November 15, 2013
Every week, Jody Hirsh, the JCC's Judaic Education Director, provides a Judaic message that is featured at the top of the JCC's weekly email newsletter. Below is the Shabbat message for Friday, November 15, 2013.
Challah, that braided egg bread loaf, is probably the most famous Sabbath food, and as such is internationally and universally recognized. (If there are ever Sabbath dinners on Mars, they will most certainly include a challah.) In the old days of the Templein Jerusalem, the Challah was the special bread that was used as a sacrifice. Twelve loaves (sometimes called “showbread,”) would be prepared from donations of dough, then placed in special racks in the Temple. They would actually be eaten a week later by the priests in the Temple. Ever since the Templewas destroyed by the Romans in the year 70, the Challah is not used as a sacrifice in the same way as in ancient days, yet traditional Jews remove a portion of their Sabbath bread dough to be burned up in the oven as a sort of sacrifice reminiscent of the sacrifices of the old days. Technically, the challah is that burned up part that we don’t eat (no one but the priest could eat that)!!! Nevertheless, we still call that part that we do eat, the challah.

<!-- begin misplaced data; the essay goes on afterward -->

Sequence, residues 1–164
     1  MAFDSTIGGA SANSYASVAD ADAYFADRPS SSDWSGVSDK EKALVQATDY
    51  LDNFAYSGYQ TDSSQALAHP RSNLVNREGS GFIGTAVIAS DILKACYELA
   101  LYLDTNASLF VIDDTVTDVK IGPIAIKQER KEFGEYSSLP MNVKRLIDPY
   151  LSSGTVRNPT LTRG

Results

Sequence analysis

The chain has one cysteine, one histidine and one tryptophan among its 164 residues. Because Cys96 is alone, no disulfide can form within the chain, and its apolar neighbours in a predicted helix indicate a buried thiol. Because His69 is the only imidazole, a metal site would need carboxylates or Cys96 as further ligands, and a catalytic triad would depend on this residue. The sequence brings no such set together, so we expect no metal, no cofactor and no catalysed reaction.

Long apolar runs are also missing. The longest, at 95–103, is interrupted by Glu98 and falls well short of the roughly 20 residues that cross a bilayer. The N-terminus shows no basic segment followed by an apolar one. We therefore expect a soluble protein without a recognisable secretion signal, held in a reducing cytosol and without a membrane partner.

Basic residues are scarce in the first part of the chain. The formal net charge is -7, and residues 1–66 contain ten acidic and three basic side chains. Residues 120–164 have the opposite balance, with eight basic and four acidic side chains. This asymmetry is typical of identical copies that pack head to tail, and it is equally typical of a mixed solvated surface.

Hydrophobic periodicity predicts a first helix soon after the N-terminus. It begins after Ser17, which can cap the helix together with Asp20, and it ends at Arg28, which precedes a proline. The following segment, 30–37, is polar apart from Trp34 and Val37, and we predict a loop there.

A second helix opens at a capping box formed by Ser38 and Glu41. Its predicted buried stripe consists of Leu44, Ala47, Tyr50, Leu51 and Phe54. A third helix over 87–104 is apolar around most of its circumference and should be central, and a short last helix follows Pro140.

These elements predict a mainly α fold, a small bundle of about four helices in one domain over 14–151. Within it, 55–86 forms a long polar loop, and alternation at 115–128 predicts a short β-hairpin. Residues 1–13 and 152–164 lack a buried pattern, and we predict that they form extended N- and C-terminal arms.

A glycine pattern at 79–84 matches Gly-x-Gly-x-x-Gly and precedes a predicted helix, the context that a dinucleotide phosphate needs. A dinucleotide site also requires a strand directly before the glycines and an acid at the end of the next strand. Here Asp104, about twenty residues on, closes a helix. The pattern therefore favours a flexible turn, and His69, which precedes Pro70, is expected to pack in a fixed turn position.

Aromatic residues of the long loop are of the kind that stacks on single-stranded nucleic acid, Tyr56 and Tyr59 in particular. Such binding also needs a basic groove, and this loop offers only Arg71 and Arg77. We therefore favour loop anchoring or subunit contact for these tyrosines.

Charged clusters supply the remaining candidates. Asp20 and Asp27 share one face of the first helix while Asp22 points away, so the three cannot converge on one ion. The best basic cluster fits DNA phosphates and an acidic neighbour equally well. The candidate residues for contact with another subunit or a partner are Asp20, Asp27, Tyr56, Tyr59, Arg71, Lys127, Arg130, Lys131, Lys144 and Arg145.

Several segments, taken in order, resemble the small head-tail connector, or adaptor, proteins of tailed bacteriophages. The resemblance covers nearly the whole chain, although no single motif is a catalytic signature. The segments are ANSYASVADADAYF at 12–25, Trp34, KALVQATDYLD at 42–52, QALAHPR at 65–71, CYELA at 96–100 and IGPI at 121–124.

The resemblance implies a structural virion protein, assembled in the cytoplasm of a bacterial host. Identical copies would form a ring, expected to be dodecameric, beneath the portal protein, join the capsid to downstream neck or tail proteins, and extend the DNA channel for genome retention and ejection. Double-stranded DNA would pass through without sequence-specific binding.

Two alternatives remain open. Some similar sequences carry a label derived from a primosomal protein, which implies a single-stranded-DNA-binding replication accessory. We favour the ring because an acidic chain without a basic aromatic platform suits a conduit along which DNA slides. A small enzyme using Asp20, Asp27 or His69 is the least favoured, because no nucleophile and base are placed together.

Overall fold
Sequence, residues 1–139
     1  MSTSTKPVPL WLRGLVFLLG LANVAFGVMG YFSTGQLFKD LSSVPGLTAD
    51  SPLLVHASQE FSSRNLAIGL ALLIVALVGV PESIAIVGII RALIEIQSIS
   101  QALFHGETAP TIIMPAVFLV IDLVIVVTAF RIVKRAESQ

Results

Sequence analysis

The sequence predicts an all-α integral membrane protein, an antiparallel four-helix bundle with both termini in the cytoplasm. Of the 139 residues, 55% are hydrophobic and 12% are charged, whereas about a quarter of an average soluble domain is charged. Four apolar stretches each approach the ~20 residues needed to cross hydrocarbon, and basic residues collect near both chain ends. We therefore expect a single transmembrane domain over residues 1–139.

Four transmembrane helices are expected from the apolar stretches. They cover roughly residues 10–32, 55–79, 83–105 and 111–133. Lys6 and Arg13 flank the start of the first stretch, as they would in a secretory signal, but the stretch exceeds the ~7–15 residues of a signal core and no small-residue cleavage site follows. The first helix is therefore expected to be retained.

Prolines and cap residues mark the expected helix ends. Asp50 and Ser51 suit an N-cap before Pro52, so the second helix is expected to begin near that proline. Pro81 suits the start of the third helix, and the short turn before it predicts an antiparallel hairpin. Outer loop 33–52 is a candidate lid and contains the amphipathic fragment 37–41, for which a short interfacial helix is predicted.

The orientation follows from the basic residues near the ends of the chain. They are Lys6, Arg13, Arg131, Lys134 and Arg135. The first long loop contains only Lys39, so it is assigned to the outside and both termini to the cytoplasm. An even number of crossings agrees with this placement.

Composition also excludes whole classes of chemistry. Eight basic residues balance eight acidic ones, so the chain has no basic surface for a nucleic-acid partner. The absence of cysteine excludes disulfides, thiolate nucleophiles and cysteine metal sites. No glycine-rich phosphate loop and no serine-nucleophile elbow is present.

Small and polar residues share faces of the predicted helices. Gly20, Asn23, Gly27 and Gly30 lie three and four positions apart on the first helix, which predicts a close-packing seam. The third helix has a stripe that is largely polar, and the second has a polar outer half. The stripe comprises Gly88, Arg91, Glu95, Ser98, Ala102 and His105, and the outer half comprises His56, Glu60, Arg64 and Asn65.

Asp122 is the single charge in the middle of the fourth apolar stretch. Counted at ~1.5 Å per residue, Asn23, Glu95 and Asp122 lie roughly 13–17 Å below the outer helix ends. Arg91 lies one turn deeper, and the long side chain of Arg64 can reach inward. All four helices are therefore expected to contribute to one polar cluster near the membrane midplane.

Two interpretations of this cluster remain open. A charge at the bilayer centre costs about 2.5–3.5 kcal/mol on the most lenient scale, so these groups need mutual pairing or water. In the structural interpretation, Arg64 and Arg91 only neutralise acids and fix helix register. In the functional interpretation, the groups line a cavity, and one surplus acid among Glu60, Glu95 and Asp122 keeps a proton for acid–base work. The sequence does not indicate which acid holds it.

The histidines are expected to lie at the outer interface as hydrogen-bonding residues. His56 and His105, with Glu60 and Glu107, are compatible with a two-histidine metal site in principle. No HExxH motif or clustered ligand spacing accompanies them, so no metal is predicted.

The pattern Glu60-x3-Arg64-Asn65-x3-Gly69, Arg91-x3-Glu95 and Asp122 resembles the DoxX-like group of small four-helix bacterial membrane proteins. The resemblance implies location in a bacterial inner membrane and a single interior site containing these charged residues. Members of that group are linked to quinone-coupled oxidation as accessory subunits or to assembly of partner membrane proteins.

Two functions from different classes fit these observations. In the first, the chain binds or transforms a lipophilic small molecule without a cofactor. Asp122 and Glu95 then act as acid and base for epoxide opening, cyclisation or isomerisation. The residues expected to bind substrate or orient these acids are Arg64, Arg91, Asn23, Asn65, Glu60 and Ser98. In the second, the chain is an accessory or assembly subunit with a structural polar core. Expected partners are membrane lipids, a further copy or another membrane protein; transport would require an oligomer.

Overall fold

Next week: Why is the challah braided?